Follow Slashdot blog updates by subscribing to our blog RSS feed


Forgot your password?
Social Networks The Internet

Google and Facebook Join 60

technirvana sends us to ReadWriteWeb for the scoop on the announcement this morning that representatives from Google and Facebook are joining the DataPortability Workgroup. Quoting: "The group is working on a variety of projects to foster an era in which users can take their data from the websites they use to reuse elsewhere... Good bye customer lock-in, hello to new privacy challenges. If things go right, today could be a very important day in the history of the internet. The non-participation of Google and Facebook, two companies that hold more user data and do more with it than almost any other consumer service on the market, was the biggest stumbling block to the viability of the project. These are two of the most important companies in recent history — what's being decided now is whether they will be walled-garden, data-horders or truly open platforms tied into a larger ecosystem of innovation with respect for user rights and sensible policies about data."
This discussion has been archived. No new comments can be posted.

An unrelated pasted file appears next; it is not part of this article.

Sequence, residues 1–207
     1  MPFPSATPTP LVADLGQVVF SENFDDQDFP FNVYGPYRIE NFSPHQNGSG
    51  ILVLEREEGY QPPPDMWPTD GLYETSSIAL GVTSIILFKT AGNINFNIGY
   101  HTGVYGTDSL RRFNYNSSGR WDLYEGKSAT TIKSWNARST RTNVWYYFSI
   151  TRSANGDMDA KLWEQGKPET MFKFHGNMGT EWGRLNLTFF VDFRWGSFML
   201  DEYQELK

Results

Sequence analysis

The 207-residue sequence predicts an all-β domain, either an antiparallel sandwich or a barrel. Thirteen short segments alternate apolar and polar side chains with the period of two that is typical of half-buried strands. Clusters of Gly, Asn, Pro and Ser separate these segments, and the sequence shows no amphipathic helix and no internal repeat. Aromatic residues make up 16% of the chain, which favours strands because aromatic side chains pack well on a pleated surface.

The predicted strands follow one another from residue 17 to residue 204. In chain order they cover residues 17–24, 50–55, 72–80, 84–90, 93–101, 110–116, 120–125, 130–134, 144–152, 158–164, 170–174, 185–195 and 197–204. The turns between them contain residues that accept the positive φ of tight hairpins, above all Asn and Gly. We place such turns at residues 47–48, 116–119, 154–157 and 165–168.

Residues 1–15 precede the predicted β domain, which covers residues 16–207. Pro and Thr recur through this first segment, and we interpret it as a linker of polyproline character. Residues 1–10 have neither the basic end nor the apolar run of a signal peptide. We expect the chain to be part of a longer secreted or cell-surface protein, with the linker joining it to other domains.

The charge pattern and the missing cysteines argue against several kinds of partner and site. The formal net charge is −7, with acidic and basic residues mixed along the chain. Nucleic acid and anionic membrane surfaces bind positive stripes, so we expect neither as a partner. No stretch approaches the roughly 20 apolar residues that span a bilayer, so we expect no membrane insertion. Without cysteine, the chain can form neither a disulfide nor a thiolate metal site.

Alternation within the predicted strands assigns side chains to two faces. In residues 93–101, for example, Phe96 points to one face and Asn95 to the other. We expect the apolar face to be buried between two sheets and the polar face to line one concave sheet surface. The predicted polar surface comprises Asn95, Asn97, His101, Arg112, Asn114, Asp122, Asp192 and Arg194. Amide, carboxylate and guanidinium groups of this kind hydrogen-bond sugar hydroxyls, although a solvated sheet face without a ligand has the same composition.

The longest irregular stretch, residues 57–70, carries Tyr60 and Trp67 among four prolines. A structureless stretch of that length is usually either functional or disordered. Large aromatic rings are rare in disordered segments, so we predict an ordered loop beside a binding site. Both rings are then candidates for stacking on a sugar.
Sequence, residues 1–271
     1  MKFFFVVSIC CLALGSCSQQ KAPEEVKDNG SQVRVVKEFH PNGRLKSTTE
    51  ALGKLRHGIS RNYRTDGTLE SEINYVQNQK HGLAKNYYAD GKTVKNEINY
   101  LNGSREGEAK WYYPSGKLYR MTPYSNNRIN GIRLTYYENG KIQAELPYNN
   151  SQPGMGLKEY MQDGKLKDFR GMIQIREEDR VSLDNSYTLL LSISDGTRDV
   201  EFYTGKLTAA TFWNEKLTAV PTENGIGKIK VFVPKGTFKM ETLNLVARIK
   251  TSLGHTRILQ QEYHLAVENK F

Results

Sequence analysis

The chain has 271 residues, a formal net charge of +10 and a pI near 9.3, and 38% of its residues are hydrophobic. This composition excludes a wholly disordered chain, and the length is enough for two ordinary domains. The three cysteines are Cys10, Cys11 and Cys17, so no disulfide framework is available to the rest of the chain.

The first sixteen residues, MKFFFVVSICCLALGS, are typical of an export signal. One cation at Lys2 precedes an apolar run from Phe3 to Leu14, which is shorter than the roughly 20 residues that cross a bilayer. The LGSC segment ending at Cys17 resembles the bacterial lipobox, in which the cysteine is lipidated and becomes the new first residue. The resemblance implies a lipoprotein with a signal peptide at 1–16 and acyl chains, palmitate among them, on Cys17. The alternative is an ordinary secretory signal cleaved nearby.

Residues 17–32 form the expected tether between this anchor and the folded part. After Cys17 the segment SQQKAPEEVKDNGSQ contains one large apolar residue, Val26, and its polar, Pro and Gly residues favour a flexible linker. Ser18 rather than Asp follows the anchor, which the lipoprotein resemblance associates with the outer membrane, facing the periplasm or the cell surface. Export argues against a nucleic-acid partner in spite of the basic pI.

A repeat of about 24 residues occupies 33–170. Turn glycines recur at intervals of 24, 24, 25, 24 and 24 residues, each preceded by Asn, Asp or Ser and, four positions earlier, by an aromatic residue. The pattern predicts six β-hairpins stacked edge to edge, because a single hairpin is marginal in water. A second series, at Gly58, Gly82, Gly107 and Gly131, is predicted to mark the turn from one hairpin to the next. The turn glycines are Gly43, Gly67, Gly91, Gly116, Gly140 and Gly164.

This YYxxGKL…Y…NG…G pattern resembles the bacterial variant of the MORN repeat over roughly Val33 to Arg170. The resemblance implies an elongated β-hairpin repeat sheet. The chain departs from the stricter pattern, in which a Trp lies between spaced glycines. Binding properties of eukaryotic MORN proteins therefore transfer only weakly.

Google and Facebook Join

Comments Filter:
  • by erroneus ( 253617 ) on Tuesday January 08, 2008 @06:03PM (#21961084) Homepage
    I would like a system where the servers and services using the system doesn't actually have access to YOUR information, but rather has access to links to your information. That information would, in turn, be controlled by the owner of that information. Such a system would be truly opt-in creating a marketing system that people could truly opt-out of. It would also be immeasurably more valuable to marketers as the information would have a higher quality of demographic selection along with more guaranteed delivery of content.

    If such a system were to catch on, we'd be a lot closer to the end of spam and similar marketing practices. I can't imagine we'd be rid of it entirely, but wouldn't it be nice?
  • by snotclot ( 836055 ) on Tuesday January 08, 2008 @06:22PM (#21961446)
    > I think we'll see more and more that people are going to be known by their avatars rather than their actual name as data becomes universal like this.

    What's funny is that I go out of my way to make sure my avatar is unknown, in the sense that there is no tie with my real name in any way, on any website/forum/whatever. If you google my avatar, all you find is which websites I used that avatar, and what I posted using that avatar, but nothing else about me. In fact, I even switch avatars; one avatar for different websites.